Social empowerment and exclusion: A case study on digital libraries.
ACM Transactions on Computer-Human Interaction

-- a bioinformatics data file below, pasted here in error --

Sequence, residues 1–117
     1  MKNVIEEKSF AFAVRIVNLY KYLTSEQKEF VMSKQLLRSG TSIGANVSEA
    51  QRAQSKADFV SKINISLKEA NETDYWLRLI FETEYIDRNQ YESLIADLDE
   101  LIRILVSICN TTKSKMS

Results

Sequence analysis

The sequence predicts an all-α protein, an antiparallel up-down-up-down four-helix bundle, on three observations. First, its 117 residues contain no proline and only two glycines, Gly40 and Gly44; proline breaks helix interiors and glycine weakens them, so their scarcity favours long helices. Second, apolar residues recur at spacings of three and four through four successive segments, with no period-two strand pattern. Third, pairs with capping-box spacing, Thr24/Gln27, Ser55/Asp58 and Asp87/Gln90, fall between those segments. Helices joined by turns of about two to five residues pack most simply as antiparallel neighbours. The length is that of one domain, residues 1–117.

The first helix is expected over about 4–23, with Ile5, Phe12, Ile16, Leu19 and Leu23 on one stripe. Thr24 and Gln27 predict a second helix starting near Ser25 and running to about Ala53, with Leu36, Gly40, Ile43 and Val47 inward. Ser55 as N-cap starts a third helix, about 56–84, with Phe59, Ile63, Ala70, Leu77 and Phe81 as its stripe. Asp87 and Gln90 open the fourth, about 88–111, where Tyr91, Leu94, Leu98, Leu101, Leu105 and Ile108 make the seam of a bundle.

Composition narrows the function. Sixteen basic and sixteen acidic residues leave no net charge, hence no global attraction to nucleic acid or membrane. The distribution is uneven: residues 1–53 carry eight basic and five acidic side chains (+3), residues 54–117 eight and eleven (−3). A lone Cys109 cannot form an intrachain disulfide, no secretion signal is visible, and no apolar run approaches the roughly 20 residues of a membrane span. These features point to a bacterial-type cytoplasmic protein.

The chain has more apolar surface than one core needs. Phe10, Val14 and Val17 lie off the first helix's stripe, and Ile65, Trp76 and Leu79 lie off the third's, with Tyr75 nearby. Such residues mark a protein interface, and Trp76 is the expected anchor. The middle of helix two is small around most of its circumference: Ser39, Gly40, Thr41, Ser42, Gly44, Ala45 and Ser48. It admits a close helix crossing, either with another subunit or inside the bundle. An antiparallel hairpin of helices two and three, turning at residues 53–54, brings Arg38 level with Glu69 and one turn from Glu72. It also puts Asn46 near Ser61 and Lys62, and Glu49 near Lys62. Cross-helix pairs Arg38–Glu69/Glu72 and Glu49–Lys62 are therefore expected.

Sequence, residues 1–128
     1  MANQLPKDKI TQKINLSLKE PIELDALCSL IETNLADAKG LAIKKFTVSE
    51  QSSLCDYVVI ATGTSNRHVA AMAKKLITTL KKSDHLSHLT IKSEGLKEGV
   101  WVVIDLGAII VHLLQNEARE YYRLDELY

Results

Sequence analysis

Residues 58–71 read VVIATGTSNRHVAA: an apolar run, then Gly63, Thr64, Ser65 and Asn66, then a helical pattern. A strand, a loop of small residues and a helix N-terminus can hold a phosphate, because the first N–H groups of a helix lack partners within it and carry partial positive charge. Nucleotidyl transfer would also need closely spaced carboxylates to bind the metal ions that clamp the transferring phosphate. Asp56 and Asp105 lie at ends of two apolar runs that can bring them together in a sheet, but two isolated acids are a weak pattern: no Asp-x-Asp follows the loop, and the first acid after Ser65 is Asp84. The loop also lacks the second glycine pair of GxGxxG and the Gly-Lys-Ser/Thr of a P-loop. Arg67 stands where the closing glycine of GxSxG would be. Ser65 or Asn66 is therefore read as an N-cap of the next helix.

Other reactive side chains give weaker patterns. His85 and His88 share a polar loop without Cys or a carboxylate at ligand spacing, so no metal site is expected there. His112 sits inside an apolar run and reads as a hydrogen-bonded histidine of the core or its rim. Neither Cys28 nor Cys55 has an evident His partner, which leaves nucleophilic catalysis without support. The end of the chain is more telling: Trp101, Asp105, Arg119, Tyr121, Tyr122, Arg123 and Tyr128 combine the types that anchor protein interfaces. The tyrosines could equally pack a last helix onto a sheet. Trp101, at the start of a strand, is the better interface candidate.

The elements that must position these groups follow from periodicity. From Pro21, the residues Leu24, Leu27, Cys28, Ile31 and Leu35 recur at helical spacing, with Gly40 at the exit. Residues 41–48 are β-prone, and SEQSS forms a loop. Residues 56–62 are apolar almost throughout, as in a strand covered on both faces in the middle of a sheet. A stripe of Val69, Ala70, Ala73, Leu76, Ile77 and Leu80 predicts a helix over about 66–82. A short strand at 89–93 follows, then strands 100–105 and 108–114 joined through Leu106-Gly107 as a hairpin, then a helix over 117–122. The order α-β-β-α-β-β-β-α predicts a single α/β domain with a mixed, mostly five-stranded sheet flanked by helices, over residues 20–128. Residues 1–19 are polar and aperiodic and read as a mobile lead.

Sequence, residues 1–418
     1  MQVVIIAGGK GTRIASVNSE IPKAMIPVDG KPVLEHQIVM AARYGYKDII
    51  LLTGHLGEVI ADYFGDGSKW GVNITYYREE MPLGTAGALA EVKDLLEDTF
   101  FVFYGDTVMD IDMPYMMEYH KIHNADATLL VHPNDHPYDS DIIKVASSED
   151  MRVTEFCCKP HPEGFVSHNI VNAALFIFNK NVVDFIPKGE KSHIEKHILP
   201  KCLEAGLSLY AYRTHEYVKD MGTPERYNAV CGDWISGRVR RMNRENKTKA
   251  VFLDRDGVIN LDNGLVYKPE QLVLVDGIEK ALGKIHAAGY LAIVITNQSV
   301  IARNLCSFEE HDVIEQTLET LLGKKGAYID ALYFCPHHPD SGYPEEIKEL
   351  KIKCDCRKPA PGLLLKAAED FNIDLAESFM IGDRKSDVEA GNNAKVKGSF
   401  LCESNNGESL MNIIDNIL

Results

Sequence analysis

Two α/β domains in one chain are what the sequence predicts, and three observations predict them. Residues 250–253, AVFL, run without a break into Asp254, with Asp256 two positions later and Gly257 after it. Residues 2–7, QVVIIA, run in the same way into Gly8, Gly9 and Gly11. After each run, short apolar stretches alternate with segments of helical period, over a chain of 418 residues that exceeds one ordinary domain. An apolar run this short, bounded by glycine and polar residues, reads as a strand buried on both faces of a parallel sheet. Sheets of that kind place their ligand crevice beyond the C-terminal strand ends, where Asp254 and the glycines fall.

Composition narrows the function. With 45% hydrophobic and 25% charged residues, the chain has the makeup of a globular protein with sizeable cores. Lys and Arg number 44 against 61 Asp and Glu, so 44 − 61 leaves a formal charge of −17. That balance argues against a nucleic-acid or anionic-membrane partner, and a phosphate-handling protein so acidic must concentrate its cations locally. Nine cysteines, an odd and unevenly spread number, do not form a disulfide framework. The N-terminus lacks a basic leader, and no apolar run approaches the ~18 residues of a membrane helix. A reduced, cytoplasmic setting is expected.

This article reports on work studying how technology can empower or exclude its users due to interactions between social context, system design, and implementation. The analysis is based around the introduction and use of digital libraries in four different settings, three clinical and one academic. Across the four settings, in-depth interview and focus group data was collected from 144 users and analyzed with reference to "communities of practice". The four settings represent three different approaches to digital library implementation: making digital library resources available from existing computer systems in people's offices and the library (a traditional approach); making computer systems, and hence digital libraries, available in shared spaces (in this case, hospital wards); and employing information intermediaries to work with staff and library resources. These different approaches engendered different perceptions of the technology. The traditional approach produced perceptions of technology as being irrelevant for current needs and community practices. Making technology available within shared physical space but with poor design, support, and implementation procedures was widely perceived as a threat to current organizational structures. In contrast, technology implemented within the community which could adapt and change practices according to individual and group needs, supported by an information intermediary, was seen as empowering to both the community and the individual. We relate the findings to a discussion of evolutionary and revolutionary approaches to design and to the concept of communities of practice. © 2005 ACM.
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